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Additive and Subtractive Color Mixing
The world is full of colors. Some researchers report that humans can distinguish about 16 million different colors. But what's more interesting is that most of the colors we see around us and all the colors we see on a TV or computer monitor can be created from just three different colored lights. How are all the colors made from just three different colors? Simply by combining the light in different ratios. That's it. Adjusting the brightness of three colors in different ways creates all the colors you see in this graphic:
Colored lights are mixed using additive color properties. Light colors are combining two or more additive colors together which creates a lighter color that is closer to white. Examples of additive color sources include computers and televisions.
The additive primary colors are red, green and blue (RGB). Combining one of these additive primary colors with equal amounts of another one results in the additive secondary colors of cyan, magenta and yellow. Combining all three additive primary colors in equal amounts will produce the color white. Remember combing additive colors creates lighter colors, so adding all three primary colors results in a color so "light" it's actually seen as white. Although that may seem strange, if you think of the absence of all light equaling black, it begins to make sense that adding different colors creates white.
By changing the brightness of each of the three primary colors by varying degrees, you can make a wide range of colors.
Computer Monitors and Televisions
Computer monitors and televisions are an application of additive color. These devices use a mosaic of red, green and blue dots. Our eyes do not distinguish the dots. Rather, the dots stimulate the color receptors of our retina (called cones) by adding or blending the light together creating a composite color.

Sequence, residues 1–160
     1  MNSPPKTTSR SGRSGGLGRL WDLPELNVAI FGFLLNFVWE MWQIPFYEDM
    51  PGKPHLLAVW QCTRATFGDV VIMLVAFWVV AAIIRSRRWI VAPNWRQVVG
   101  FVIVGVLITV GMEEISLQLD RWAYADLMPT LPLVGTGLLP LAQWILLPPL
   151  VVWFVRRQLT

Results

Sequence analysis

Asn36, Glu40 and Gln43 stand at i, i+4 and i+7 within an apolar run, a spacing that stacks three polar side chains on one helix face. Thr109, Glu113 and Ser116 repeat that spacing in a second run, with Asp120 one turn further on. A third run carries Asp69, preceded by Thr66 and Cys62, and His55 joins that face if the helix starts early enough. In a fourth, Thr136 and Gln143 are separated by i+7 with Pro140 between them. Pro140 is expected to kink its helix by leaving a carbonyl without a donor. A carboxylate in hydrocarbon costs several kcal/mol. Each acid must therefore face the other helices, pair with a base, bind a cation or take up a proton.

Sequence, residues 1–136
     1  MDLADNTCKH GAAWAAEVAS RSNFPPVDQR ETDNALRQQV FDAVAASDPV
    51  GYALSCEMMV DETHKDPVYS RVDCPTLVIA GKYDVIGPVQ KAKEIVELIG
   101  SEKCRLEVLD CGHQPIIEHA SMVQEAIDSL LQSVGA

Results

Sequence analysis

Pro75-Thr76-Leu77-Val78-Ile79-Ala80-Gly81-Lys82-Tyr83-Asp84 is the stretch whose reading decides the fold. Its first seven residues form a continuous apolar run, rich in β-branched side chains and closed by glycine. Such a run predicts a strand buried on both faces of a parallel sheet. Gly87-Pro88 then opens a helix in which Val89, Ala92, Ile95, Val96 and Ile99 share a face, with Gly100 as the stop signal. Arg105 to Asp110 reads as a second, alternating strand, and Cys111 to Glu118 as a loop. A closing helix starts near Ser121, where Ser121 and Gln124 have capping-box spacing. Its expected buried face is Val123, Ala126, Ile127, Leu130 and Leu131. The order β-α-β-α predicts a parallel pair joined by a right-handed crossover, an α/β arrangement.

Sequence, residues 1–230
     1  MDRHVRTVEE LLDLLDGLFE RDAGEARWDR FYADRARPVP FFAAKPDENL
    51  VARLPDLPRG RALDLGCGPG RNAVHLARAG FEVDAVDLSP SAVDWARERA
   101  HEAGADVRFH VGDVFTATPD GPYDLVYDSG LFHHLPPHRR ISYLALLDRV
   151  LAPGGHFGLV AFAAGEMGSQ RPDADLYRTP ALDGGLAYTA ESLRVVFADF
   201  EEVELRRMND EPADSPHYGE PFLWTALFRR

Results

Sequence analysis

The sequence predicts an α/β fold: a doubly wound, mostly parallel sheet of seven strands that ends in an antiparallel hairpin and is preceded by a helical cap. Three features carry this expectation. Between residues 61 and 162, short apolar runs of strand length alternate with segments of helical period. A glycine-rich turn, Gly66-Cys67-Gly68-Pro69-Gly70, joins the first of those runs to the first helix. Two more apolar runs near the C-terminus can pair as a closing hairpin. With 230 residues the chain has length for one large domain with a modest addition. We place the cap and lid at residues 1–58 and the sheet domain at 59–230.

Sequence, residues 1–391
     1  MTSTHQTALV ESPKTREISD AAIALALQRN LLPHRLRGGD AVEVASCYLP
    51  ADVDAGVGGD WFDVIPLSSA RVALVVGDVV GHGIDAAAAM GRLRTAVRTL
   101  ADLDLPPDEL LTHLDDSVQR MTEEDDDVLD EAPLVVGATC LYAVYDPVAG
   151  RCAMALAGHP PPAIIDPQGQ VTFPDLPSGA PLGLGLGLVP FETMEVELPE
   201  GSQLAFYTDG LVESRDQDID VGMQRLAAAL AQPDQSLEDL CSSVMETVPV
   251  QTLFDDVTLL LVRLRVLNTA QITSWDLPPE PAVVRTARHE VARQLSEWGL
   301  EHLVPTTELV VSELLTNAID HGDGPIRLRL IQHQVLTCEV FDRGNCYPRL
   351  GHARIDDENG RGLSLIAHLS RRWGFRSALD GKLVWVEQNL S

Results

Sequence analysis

Animated RGB Color Cube
Here is an animated RGB color cube. Notice how the colors get lighter as they move toward the closest corner.
Another Way to Make Colors
Combining lights in different ratios creates additive colors and works great for TVs and computers, but how do you make a color photograph when your only source of light is the white light above your head? In this case, you'll use something called subtractive or pigment colors. The distinction between additive and subtractive colors is based on whether the image is derived from a light source, like a TV that uses glowing phosphorus, or reflected natural light, as from a book, photograph, wall or any other object.
Subtractive Color Mixing
Before TVs and computer monitors, printers and publishers wondered if they could print color pictures using just three colors of ink. Yes, it is possible, but you have to work in reverse of the process of mixing light colors! We see light colors by the process of emission from the source. We see pigment colors by the process of reflection (light reflected off an object). The colors which are not reflected are absorbed (subtracted).
The subtractive primary colors are cyan, magenta and yellow (CMY). These are the three colors used in printer ink cartridges.
When the source of color is pigment or dye, the result of combining colors is different from when the source of color is light. Subtractive color mixing occurs when light is reflected off a surface or is filtered through a translucent object. For example, a red pigment or filter only appears red because it absorbs (subtracts) all of the light that is not red and only reflects or allows the red light. A green pigment only reflects green light and a green filter only passes green light.